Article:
Ambassador Matilda "Tilly" Hendrix

"A woman is like a teabag. You only find out how strong she is when she is in hot water."--Eleanor Roosevelt. Also, Tilly's college yearbook quote.


An elegant elder stateswoman-looking type of 45. Dyes her hair white for the dignity factor. She speaks with a slight Texas accent. She has a fading suntan from her most recent work in northern Africa.

For the last several years, former first lady Matilda Hendrix has run a series of programs aimed at “making urban and rural environments safe for humanity” (according to her website, anyway). She has two major projects in this: vending machines that serve hot nutritious meals for nearly-free at the push of a button, and the complete terraforming of the Sahara Desert. She has accomplished the first, and was working on the second when she received the call to join the Earth delegation.

Tilly’s defining personality trait is her targeted generosity. She has a real gift for seeing what needs to be done to fix a problem and making it happen quickly. The only problem with this is that she very quickly gets impatient with obstacles to her best course of action, and that impatience can boil over into violent rage.

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PUBLICLY, Matilda Parsons-Hendrix behaved herself until about the age of 33. The daughter of old American money, Tilly grew up in Texas, debuted in Houston at sixteen, and was then put in the social register of young women who were going to marry prominent men in cowboy boots. Tilly’s only mark of rebellion was her stunning temper, which her family managed to keep under wraps.

After the rebellion of separationist extremists, Tilly and her parents fled to their summer home in Connecticut and she ended up attending Amherst for college instead of her first choice, Texas A&M (burned to the ground in 2119). There, Tilly met Bob Hendrix, a law student from Missouri, at a party for Students Against Driving. They married two years later.

After college, Tilly wanted to return to Teja Nueva (recently re-admitted into the US as a provisional territory). She and Bob set up a life as a small-town lawyer and a local VR-TV personality. Tilly and Bob quickly worked their way up through the ranks until he was in the State Legislature and she was running her internationally ranked cooking show, Tilly’s Texas Kitchen.

Tilly sympathizes with the Tejanos, the branch of separatists who want to rejoin Mexico (a separate organization from the Republic of Texas people, whom she considers tacky). However, she and her husband both worked on the state readmission campaign after deciding it was better for the people of Texas to have a voice in US government. The next year Bob was elected as the first senator from Texas. Tilly divided her time between Washington and Austin, serving as a political go-between while continuing to run her show. In Bob’s absence she also started quietly discussing politics with chican@ separatists.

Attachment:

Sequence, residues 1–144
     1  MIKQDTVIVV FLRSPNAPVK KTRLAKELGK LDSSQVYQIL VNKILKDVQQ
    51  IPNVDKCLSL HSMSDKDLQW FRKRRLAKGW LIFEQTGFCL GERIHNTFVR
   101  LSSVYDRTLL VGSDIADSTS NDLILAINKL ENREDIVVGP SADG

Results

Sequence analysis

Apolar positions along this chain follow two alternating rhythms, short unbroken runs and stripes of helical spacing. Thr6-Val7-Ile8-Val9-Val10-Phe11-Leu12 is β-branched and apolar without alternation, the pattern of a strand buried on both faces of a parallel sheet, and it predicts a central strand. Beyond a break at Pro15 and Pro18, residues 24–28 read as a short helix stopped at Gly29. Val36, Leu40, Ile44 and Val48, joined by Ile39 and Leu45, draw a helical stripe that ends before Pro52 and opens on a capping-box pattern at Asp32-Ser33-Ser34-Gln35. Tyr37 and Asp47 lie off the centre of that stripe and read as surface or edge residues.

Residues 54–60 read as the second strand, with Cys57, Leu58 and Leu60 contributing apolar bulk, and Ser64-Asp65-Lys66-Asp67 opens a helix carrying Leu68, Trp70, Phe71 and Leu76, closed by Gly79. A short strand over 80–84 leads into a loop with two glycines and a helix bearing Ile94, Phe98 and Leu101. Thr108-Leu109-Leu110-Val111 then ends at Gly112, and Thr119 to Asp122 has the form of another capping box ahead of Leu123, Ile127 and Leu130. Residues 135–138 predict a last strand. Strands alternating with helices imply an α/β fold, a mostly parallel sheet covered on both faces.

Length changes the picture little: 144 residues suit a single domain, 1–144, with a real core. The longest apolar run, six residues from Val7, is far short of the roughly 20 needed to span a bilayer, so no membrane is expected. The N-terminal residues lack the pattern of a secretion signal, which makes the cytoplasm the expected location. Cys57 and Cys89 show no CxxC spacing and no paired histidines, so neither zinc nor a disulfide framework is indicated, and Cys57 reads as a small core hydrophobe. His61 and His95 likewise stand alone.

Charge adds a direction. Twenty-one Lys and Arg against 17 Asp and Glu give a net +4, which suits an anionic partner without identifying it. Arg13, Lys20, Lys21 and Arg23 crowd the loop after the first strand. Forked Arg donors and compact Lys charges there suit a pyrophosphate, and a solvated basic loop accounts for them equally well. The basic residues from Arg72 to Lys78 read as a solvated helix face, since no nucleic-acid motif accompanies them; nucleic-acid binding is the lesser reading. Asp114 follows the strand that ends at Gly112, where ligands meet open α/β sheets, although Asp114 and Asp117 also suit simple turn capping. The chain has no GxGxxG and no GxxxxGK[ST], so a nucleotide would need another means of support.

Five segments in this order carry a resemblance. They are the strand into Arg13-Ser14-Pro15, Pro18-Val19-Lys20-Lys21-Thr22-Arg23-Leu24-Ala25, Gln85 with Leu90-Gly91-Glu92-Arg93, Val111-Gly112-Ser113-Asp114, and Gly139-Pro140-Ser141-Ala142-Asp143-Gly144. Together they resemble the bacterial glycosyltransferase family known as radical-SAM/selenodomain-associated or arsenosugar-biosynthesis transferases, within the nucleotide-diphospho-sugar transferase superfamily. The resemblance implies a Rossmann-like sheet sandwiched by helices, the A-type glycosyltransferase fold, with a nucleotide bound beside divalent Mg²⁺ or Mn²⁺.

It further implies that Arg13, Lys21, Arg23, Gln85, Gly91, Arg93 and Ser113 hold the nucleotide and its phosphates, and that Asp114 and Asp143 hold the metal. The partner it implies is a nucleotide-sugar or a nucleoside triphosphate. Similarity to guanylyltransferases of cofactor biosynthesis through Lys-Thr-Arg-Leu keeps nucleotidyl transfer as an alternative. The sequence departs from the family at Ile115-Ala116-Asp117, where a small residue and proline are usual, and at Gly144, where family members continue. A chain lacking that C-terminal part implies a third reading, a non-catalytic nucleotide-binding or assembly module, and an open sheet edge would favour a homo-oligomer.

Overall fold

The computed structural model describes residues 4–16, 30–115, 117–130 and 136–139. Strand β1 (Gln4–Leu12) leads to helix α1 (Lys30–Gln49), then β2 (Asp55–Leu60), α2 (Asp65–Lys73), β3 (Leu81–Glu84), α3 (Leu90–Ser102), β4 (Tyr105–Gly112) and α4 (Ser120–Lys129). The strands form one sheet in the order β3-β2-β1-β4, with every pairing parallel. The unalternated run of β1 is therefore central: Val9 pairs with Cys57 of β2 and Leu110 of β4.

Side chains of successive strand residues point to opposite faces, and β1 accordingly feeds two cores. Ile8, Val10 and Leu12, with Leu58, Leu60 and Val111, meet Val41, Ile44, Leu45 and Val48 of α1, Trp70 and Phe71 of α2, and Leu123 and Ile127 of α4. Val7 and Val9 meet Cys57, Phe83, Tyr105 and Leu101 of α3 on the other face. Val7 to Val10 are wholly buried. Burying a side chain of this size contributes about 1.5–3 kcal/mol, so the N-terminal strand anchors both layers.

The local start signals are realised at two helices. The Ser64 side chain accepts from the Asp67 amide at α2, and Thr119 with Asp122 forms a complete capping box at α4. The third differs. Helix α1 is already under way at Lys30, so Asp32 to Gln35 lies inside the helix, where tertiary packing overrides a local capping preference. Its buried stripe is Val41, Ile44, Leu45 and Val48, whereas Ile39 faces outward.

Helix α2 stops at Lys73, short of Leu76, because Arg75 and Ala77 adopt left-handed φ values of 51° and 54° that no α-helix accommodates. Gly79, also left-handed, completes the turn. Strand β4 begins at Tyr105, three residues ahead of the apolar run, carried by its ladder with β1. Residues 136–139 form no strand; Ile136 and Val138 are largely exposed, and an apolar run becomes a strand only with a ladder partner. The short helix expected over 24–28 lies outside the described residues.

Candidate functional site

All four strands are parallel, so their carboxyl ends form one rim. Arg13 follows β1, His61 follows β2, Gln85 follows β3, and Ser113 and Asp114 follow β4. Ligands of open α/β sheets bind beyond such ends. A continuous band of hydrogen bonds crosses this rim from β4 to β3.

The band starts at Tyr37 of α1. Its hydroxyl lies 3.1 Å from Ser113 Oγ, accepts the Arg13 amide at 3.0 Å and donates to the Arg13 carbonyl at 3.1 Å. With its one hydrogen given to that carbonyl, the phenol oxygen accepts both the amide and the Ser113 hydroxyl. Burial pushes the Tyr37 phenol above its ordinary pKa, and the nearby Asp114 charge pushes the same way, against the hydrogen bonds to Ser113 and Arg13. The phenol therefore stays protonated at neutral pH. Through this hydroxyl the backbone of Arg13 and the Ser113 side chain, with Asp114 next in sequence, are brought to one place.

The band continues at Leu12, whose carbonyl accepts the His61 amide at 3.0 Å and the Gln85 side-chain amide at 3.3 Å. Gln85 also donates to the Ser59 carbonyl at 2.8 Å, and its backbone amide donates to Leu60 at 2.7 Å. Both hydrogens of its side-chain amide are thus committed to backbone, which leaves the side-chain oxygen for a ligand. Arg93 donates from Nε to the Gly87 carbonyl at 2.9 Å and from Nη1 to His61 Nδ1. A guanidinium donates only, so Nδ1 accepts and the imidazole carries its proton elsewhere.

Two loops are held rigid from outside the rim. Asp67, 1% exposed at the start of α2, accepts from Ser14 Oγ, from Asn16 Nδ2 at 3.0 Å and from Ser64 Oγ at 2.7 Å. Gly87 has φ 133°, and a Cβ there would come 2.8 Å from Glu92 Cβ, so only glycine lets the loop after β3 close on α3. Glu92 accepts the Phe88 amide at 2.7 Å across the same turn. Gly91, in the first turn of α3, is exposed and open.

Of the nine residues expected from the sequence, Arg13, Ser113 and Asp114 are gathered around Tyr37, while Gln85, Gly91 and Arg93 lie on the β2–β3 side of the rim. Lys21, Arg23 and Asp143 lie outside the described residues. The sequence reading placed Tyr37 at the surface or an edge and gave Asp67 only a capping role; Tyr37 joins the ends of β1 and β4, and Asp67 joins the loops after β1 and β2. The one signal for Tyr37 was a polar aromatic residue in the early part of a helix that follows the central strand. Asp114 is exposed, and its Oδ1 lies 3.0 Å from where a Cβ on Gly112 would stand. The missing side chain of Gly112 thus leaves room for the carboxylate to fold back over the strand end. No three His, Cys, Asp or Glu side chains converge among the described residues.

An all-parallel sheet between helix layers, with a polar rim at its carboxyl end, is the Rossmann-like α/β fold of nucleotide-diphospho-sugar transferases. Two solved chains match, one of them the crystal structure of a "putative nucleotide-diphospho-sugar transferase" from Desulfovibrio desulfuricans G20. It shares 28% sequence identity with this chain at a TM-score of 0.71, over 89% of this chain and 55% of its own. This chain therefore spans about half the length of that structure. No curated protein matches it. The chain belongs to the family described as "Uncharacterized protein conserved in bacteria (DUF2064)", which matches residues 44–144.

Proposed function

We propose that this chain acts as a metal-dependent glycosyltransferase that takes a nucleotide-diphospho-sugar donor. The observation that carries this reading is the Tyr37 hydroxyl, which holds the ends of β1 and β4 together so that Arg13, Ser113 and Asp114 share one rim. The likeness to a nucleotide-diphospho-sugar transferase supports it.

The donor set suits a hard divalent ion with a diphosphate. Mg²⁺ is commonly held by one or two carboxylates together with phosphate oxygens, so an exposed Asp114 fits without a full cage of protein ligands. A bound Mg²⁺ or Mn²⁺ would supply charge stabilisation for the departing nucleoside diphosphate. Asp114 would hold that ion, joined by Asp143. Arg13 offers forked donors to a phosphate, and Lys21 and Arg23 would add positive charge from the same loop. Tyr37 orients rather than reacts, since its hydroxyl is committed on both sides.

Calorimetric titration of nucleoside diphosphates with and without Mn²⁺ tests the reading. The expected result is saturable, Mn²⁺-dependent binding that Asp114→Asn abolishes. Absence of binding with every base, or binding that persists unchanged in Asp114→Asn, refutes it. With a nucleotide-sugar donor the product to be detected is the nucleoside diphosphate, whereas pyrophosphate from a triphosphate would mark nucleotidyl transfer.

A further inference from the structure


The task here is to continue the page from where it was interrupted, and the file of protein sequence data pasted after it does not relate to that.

Bob ran for president when he’d only been in the Senate for two years. Tilly supervised that campaign, and Bob brought the middle-America, “my state never seceded, not even once” charm. In order to manage the campaign, Tilly gave up her cooking show. In her farewell episode, she promised listeners that if her husband’s campaign went well she’d resume the show from the White House, and that she believed in her man 100%. There was a Dolly Parton cover band. People cried. Bob won the presidency that year.

As first lady, Tilly had always expected to take an active role in government. However, Bob and his vice president discouraged her from getting involved. Things came to a head one night when visiting their home in Texas. Tilly wanted to discuss the idea of making concessions to the Tejanos; Bob’s VP was urging him to consider military interventions at rallies. Bob and Tilly had a fight that started as being about Texas and devolved into accusations. Finally Bob said that Tilly knew nothing about policy. He said he was going out to get some air. Tilly told him not to walk away from her. Long story short, she pushed him down a flight of stairs, killing him instantly.

Tilly’s secret servicemen coached her through making it look like Bob had slipped (Tilly’s always inspired a kind of feral loyalty in people who work closely with her). They came up with a plausible story and called for a medivac to a local hospital. A Texas coroner helped handle the matter as a favor to the family. Tilly slept through the arrival of the medivac, on a powerful prescription sleep aid. She was never officially a suspect because she was believed to have slept through the moment of her husband’s death, and because four secret servicemen gave pristine accounts of the fall, she was never charged (although rumors abounded). Two of the secret servicemen were dismissed due to personal negligence.

After her husband’s death, Tilly fell apart for a number of years. She watched Texas join Mexico and then watched Mexico be annexed as a sovereign territory. She realized that American politics had passed her by, and that maybe it was time to try something else.

Ambassador Matilda "Tilly" Hendrix

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